Chapter 9 Table Your Data
You might be surprised that a data visualization book which emphasizes charts and maps also includes a chapter on creating tables. We don’t normally think about data tables as a type of visualization. But depending on your data and the story you wish to tell about it, sometimes a table is the most appropriate way to present information, especially when it’s an interactive table on the web. Tables make sense when readers want to look up a specific row of data that’s highly relevant to them, such as their local community or an organization they belong to, which can be too hard to identify inside a large chart or map. Also, tables work best when readers wish to precisely compare individual values to one another, but not necessarily to the rest of the dataset. Finally, tables work better than charts when there is no broad visual pattern to emphasize, and work better than maps when there is no particular spatial pattern. Before you start designing a chart or map, consider whether it makes more sense to create a table instead. Sometimes the best visualization is simply a good table.
TODO: Break this out into two separate sections and place in the body of the chapter, before Datawrapper?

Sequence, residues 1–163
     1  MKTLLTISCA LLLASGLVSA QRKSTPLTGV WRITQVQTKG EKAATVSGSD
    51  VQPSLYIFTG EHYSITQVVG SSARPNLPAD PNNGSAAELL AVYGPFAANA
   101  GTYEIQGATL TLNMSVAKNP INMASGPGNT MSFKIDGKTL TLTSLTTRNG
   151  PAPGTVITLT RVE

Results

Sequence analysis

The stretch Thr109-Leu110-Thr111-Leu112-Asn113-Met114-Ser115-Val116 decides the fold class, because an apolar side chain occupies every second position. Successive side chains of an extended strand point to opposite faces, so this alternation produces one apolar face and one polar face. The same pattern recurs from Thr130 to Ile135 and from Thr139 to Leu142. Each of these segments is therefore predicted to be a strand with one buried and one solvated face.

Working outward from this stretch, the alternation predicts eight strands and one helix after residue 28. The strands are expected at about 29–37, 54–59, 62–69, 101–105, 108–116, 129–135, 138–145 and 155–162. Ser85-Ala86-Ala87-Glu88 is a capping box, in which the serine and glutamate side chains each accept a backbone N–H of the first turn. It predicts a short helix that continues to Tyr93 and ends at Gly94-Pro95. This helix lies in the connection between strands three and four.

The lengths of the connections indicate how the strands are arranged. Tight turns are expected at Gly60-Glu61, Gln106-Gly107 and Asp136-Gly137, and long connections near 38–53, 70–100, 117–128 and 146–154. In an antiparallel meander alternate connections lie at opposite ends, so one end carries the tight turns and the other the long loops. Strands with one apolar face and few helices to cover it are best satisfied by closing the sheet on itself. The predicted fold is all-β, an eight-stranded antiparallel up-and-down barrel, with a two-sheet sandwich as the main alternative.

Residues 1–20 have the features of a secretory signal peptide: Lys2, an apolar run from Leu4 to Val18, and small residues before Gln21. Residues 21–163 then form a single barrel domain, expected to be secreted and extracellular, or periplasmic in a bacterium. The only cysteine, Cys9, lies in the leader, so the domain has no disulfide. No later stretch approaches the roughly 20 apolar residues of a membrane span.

Of course, you can create tables with spreadsheet tools. For example, with Google Sheets you can format rows and columns of data, and download the table as a static PDF image that you can place in a document, or convert into a PNG or JPG image to easily insert on a web page. Sometimes this simple approach makes sense. Also, you can use the spreadsheet pivot table feature in Chapter 3 to create a more sophisticated cross-tabulation, and export it as an image to insert in a document or website. With Google Sheets, you can can also publish any of your tables online, and embed them on a web page as we’ll discuss in Chapter 10, so that whenever you update your Google Sheet, the current data will automatically appear on the web page. Furthermore, you can also use Tableau Public, a tool we previously introduced in Chapter 7 and Chapter 8 to create a highlight table, which automatically colors the backgrounds of cells to draw your eye to higher versus lower values.
In this chapter, we’ll focus on creating interactive tables, which have many advantages over static tables when publishing your information online, rather than only in print. First, interactive tables allow readers to search by keyword for specific details that interest them, which is vital when you present long tables with lots of rows. Second, readers can sort interactive tables in ascending or descending order for any column, which enables them to quickly scan those near the top or bottom of a long list. Finally, you’ll also learn how to insert sparklines, or tiny charts that visually summarize data trends in each row, and automatically place them inside your interactive table. Sparklines blend the best qualities of tables and charts by making it easier for readers to visually scan for trends while skimming down the rows and columns of your data table. Later in Chapter 10: Embed on the Web, you’ll learn how to integrate your interactive table into your website.
In this chapter, you’ll learn about table design principles and how to use Datawrapper, a tool we introduced in Chapter 7: Chart Your Data and Chapter 8: Map Your Data to create an interactive table with sparklines.